Some constitutional violations are too trivial to matter

The Sixth Amendment ensures the right to a public trial. We don't think about the Sixth Amendment much; it gets overshadowed by free speech, search and seizure and cruel and inhuman punishment. But did you know that a judge who excludes people from the trial without sufficient justification is handing the criminal defendant a great issue on appeal?

The case is U.S. v. Gupta, decided on June 17. During jury selection, Gupta's brother and girlfriend were excluded from the courtroom. In explaining what happened, the courtroom deputy testified:

At the Court’s direction, in order to accommodate the large number of jurors in the venire panel, and to protect the panel from hearing anything about the case from any member of the public present, I requested that individuals who were not venire panel members leave the courtroom during the jury selection. I conveyed to those individuals that once the jury selection was complete, and there was again space in the public area of the courtroom, they were more than welcome to attend the

This was wrong. But is it a Sixth Amendment violation? The Second Circuit majority (Hall and Walker) says No. In dissent, Judge Parker says this was an easy case for reversal and he wants the Supreme Court to take a look, as the majority "insults the values inherent in the Sixth Amendment." What makes this case unusual is that the government in this case says that the justification offered by the courtroom deputy is not good enough. (Even more unusual is the fact that no one was aware of the closure at the time and it came to light two years later). But the Second Circuit finds that this was a trivial Sixth Amendment violation. Yes, there is such a thing under the case law. This was only voir dire, and nothing of significance happened, the majority says:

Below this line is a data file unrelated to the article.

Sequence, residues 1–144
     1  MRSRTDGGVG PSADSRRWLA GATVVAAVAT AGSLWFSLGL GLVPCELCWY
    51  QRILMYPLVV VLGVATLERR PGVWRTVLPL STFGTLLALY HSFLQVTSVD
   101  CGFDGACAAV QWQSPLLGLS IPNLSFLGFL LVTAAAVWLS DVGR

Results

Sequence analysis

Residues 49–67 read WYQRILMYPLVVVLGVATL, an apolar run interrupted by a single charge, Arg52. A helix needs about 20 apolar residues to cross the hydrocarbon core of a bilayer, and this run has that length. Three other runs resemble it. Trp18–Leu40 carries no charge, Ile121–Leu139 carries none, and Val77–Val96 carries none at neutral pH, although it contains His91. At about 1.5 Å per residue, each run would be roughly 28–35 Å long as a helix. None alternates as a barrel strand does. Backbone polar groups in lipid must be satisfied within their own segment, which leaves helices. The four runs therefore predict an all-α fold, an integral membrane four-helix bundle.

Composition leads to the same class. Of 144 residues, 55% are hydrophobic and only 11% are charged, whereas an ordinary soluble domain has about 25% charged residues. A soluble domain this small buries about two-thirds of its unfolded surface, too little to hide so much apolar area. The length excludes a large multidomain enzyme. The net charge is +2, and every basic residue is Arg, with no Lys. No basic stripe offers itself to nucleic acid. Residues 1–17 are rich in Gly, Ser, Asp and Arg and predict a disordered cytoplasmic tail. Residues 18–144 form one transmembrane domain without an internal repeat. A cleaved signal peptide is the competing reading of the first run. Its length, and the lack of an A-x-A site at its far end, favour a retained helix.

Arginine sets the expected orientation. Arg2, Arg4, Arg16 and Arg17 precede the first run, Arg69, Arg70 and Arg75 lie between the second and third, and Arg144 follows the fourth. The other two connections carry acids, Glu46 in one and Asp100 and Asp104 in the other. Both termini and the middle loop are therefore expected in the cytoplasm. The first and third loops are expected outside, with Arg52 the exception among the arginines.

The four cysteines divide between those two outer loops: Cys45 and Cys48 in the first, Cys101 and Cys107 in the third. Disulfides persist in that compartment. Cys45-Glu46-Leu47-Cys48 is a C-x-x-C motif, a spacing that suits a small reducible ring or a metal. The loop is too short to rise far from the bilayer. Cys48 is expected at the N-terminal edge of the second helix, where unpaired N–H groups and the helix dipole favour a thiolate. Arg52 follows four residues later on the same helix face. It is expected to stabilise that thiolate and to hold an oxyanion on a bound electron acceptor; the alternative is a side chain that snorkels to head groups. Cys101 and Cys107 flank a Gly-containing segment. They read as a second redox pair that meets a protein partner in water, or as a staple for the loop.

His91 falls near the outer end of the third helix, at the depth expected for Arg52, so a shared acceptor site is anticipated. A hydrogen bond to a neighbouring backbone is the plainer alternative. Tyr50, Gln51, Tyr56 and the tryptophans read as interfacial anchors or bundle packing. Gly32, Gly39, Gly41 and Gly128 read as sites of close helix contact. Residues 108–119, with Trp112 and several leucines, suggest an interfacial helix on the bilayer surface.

The district court gave prospective jurors general information about Gupta’s case, described the charging indictment, and presented jurors with a written questionnaire listing possible grounds for ineligibility. The court also conducted a short sidebar discussion with each prospective juror concerning their responses to the written questionnaire (a process that would not have been audible to members of the public), and then posed general questions to the jurors in open court about their background and interests. Finally, the court and counsel for both parties adjourned to the jury room to exercise peremptory challenges; no objections were made to any of the challenges, and no jurors were dismissed without the consent of both parties.

Then the Court expands on its analysis in explaining why it reaches the right decision. It notes that nonpublic trials are bad because the public cannot exercise any oversight over this most important government function. But, in this case, voir dire was inherently public because John Q. Public was sitting in the courtroom waiting for his name to be called and otherwise watching the judge question potential jurors. Judge Hall writes, "even where a trial court unjustifiably excludes spectators from the courtroom during voir dire, the presence of the venire lessens the extent to which that closure implicates the defendant’s public trial right because the venire, derived from and representative of the public, guarantees that the voir dire proceedings will be subject to a substantial degree of continued public review."

Tuesday, July 5, 2011

Second Circuit revives parental rights claims